I’m encountering a situation where optimizer inlining produces a different result because of conflict with intent(IN). Consider the following example code:
module mymod implicit none contains subroutine mysub(i) integer, intent(IN) :: i call setval(i) end subroutine mysub subroutine setval(i) integer :: i ! -- i may be set here because setval does not use intent(IN) i = 20 end subroutine setval end module mymod program main use mymod, only : mysub implicit none integer :: i i = 10 write(*,*) 'before sub: ', i call mysub(i) write(*,*) 'after sub: ', i end program main
With optimizations off, the code produces:
% pgfortran -O0 test_intent.f90 && ./a.out before sub: 10 after sub: 20
With full optimizations, including inlining which I suspect is the culprit, the code produces:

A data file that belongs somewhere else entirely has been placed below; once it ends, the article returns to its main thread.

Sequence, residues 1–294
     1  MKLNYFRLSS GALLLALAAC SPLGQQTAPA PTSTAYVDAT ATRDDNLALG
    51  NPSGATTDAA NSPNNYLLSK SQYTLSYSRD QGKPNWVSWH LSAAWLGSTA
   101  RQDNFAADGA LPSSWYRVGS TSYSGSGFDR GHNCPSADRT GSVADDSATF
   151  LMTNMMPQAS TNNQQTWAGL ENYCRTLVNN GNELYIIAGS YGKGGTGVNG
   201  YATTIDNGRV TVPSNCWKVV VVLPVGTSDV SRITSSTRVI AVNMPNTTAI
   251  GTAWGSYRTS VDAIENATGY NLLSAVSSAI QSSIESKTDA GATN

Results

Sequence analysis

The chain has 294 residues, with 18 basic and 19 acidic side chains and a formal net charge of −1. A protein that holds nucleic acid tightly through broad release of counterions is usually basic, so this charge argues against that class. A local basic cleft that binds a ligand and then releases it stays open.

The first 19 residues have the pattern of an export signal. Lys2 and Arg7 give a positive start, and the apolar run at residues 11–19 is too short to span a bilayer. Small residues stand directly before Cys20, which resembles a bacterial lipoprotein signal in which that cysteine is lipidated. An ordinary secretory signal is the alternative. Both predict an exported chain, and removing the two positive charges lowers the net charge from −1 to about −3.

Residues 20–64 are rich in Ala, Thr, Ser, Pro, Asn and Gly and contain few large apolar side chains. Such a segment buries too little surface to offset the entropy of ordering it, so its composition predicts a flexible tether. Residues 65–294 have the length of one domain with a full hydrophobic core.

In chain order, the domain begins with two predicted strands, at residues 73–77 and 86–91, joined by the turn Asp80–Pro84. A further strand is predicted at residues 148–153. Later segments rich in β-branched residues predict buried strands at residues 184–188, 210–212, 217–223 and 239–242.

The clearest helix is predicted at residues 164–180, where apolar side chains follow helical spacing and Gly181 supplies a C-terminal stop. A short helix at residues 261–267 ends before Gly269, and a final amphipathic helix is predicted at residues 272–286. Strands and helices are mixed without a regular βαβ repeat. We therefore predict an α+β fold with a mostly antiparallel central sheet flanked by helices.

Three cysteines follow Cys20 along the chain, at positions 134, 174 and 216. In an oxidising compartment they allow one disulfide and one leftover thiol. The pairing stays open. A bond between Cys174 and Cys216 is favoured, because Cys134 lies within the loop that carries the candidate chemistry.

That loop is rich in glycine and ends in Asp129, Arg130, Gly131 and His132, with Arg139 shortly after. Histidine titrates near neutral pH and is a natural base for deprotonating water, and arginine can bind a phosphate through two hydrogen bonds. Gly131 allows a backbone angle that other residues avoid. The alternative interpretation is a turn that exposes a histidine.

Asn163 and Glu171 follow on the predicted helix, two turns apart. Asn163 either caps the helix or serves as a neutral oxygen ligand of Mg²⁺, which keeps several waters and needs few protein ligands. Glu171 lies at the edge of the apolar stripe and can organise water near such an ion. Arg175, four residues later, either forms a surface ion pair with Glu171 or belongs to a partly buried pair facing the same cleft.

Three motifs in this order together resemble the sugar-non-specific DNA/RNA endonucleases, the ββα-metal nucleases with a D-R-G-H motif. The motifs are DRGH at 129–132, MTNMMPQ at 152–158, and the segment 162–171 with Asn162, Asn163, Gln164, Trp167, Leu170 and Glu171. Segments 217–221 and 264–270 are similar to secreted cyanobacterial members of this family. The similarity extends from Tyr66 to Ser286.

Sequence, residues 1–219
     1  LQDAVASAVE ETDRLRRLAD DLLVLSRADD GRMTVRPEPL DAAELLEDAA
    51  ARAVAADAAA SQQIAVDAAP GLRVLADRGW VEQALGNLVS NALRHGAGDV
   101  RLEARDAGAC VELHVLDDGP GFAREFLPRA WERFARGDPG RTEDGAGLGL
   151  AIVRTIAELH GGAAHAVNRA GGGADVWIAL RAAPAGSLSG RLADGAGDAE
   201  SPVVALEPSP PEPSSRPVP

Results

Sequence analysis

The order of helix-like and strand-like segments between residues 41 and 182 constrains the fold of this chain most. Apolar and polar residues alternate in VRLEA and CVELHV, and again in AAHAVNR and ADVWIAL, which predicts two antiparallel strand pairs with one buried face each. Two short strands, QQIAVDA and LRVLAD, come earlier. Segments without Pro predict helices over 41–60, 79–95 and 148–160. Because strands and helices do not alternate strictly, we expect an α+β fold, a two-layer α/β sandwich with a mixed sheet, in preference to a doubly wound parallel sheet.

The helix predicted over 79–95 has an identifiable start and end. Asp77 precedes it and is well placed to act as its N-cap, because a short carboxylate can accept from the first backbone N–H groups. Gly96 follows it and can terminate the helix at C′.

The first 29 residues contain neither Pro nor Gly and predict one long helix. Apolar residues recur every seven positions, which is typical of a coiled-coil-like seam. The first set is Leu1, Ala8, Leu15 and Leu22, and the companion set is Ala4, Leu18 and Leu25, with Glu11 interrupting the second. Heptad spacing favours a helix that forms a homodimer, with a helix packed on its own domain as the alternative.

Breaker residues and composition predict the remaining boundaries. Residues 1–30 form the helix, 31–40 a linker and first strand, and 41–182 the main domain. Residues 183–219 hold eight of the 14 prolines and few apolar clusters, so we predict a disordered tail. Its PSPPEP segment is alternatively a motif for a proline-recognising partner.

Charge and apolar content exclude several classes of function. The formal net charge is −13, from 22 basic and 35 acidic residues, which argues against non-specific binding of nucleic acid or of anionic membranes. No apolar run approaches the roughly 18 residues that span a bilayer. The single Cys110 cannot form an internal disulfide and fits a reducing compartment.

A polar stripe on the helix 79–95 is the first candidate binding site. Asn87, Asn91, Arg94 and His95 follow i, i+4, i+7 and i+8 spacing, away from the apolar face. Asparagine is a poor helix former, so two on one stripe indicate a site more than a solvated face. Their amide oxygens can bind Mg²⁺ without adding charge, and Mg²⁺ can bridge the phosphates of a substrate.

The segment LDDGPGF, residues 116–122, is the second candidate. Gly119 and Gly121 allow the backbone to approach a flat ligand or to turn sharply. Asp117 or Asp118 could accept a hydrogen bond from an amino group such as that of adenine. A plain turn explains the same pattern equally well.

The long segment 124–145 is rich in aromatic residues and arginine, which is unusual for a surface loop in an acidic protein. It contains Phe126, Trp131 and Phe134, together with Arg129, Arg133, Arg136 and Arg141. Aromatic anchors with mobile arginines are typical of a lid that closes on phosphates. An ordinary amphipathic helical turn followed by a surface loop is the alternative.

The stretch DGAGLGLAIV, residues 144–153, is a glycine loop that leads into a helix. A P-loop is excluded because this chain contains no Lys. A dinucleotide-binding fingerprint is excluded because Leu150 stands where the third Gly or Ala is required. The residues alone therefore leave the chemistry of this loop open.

% pgfortran -O3 test_intent.f90 && ./a.out before sub: 10 after sub: 10
Without any inlining, setval is able to set i because intent(IN) is only declared within mysub. With optimizations on, though, i is being set within a scope where i is readonly. So I guess the compiler is silently deciding not to set it?
I’m not certain what expected behaviour is in this case. It’s disconcerting to me that -O3 and -O0 give different results. I also would have liked to see a warning about editing a read-only variable when inlining is performed - silently changing the behaviour seems like an error to me. Intel and gfortran both produce the same results (10 and 20) regardless of optimization level.
What is expected behaviour in this case? Is there any way for me to see a warning about not setting i? My tests were conducted on PGI 15.5.